Single-family housing contraction continues in October

Home Featured Post Single-family housing contraction continues in October

single-family housingWashington, D.C.—Elevated mortgage rates, high construction costs for concrete and other building materials and weakening demand stemming from deteriorating affordability conditions continue to act as a drag on single-family housing production, according to the National Association of Home Builders (NAHB).

Overall housing starts decreased 4.2% to a seasonally adjusted annual rate of 1.43 million units in October, according to a report from the U.S. Department of Housing and Urban Development and the U.S. Census Bureau.

The October reading of 1.43 million starts is the number of housing units builders would begin if development kept this pace for the next 12 months. Within this overall number, single-family starts decreased 6.1% to an 855,000 seasonally adjusted annual rate. Year-to-date, single-family housing starts are down 7.1%. The multifamily sector, which includes apartment buildings and condos, decreased 1.2% to an annualized 570,000 pace.

“Mirroring ongoing falloffs in builder sentiment, builders are slowing construction as demand retreats due to high mortgage rates, stubbornly elevated construction costs and declines for housing affordability,” said Jerry Konter, chairman of the NAHB and a home builder and developer from Savannah, Ga.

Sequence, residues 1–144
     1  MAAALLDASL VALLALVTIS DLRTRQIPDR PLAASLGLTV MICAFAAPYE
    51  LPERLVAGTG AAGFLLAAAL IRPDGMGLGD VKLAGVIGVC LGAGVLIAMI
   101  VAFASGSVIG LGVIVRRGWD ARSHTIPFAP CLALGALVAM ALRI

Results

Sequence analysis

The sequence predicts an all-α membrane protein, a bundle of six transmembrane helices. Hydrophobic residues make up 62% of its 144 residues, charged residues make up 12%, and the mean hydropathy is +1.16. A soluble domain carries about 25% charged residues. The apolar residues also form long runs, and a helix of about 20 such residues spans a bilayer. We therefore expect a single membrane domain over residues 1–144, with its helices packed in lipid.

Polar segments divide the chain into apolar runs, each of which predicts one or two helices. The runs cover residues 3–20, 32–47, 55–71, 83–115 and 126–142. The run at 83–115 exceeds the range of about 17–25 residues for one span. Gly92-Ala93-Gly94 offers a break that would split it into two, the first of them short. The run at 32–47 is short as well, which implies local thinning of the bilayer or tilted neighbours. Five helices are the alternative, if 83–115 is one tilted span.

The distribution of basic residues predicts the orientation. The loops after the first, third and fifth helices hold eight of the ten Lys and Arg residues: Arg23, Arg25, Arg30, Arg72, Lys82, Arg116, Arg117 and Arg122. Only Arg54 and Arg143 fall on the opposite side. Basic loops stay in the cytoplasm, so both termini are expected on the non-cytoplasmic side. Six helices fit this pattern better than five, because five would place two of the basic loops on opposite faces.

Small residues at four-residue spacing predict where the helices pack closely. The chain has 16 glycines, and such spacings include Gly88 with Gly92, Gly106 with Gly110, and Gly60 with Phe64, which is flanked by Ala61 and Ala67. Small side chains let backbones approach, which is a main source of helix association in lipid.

NAHB chief economist, Robert Dietz, added, “This will be the first year since 2011 to post a calendar year decline for single-family starts. We are forecasting additional declines for single-family construction in 2023, which means economic slowing will expand from the residential construction market into the rest of the economy.”

On a regional and year-to-date basis, combined single-family and multi-family starts are 2.9% higher in the Northeast, 1.5% lower in the Midwest, 2.6% higher in the South and 5.1% lower in the West.

Overall permits decreased 2.4% to a 1.53 million unit annualized rate in October. Single-family permits decreased 3.6% to an 839,000 unit rate. Multi-family permits decreased 1.0% to an annualized 687,000 pace.

Looking at regional permit data on a year-to-date basis, permits are 2.8% lower in the Northeast, 0.2% higher in the Midwest, 1.1% higher in the South and 4.0% lower in the West.

Multi-family units under construction climbed again in October to 928,000, the highest tally since December 1973.

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